I just can’t envision an eternal afterlife as being better than the mortal one. The only way would be if you’re on some sort of drugs than impact how you think/feel. Sort of like getting a divine nicotine patch slapped on and wandering around in a daze. There’d be no winning or accomplishing, because there can be no competition with others; nobody can feel bad for losing so how could you feel good for winning?
Pulling in a big net full of fish or finding a huge patch of ripe berries in the forest only feels good because most nets have few fish and most of the forest only has a few small clumps of unripe berries. Without disappointment/boredom/failure being the normal background (none of which would exist in a “heaven”), there’d be no winning or success. The entire experience would just be numbness.
This is especially so if you retain your mortal memories. Imagine you were someone like Saddam Hussein, and now you’re in this heaven. Does everyone else still remember what a POS you were and dislike you? You’ll also not get to rule and dominate millions of people anymore and live in palaces that nobody else can have (I’m sure that was quite the thrill for him). And, you’d still remember how right at the end of your mortal life you blew it and lost it all… eternal humiliation. I think Saddam would have liked life to go on so he wouldn’t have to admit to himself that he lost the contest.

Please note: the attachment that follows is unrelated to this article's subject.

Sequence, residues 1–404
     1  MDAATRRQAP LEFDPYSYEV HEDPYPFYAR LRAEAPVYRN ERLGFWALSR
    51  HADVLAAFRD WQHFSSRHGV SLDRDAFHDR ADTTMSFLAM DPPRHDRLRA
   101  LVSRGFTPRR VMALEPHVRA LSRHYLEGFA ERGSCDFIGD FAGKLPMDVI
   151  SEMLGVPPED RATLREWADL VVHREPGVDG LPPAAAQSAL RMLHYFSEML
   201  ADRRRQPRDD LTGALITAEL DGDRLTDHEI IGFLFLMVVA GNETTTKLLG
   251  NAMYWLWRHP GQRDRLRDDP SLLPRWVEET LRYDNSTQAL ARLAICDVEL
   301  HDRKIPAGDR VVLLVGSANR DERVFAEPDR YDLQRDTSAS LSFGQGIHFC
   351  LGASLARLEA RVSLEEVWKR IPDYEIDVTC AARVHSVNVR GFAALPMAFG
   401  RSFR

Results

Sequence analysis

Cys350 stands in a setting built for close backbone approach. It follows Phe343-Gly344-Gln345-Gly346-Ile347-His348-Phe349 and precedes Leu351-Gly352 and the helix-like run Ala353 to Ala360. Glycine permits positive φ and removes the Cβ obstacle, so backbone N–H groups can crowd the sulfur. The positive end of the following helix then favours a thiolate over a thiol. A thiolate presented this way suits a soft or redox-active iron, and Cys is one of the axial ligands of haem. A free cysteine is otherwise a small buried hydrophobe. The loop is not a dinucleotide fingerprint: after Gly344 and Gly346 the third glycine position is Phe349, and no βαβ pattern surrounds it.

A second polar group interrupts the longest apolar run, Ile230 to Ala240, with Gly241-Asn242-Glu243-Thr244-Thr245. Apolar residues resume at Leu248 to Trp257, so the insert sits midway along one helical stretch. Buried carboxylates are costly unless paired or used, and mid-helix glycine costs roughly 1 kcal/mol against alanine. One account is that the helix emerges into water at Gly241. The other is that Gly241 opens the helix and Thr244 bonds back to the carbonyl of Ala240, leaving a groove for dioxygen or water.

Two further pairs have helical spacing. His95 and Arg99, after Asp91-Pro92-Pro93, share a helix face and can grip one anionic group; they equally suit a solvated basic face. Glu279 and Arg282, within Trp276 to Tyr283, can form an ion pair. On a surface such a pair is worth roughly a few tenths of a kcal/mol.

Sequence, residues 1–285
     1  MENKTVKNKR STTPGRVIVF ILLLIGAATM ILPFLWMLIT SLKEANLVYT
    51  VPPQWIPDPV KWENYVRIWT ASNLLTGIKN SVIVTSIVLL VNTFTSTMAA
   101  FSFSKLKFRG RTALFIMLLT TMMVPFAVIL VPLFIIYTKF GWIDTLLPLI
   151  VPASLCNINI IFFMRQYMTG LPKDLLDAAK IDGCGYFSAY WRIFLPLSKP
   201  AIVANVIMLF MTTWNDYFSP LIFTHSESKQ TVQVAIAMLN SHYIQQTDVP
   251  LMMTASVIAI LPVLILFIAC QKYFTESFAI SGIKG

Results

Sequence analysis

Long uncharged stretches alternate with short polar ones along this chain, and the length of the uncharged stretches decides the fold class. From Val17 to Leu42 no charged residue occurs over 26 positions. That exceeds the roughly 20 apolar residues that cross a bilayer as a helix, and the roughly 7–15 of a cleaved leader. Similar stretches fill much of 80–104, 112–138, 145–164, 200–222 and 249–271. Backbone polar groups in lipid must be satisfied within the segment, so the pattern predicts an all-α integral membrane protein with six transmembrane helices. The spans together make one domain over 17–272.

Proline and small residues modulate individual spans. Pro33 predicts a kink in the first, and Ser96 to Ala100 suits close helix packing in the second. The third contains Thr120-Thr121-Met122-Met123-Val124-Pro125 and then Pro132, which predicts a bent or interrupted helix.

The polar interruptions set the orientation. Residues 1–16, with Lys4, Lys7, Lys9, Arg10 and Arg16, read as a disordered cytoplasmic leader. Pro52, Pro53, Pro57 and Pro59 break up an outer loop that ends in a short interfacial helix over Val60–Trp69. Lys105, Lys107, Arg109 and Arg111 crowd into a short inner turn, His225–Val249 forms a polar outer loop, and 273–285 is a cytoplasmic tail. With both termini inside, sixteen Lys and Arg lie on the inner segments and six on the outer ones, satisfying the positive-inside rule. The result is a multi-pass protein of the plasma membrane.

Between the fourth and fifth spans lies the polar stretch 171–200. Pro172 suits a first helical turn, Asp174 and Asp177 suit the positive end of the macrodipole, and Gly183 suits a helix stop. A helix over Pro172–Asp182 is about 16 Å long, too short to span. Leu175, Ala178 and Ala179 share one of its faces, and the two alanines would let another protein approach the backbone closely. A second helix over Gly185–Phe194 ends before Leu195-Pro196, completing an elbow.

This reminds me of an old short science fiction story: Outer space aliens in communication with earth DID have incontrovertible proof that there was an afterlife, but kept this fact secret from the people of earth.
According to the story, the people of earth weren’t included in the afterlife - only the aliens were.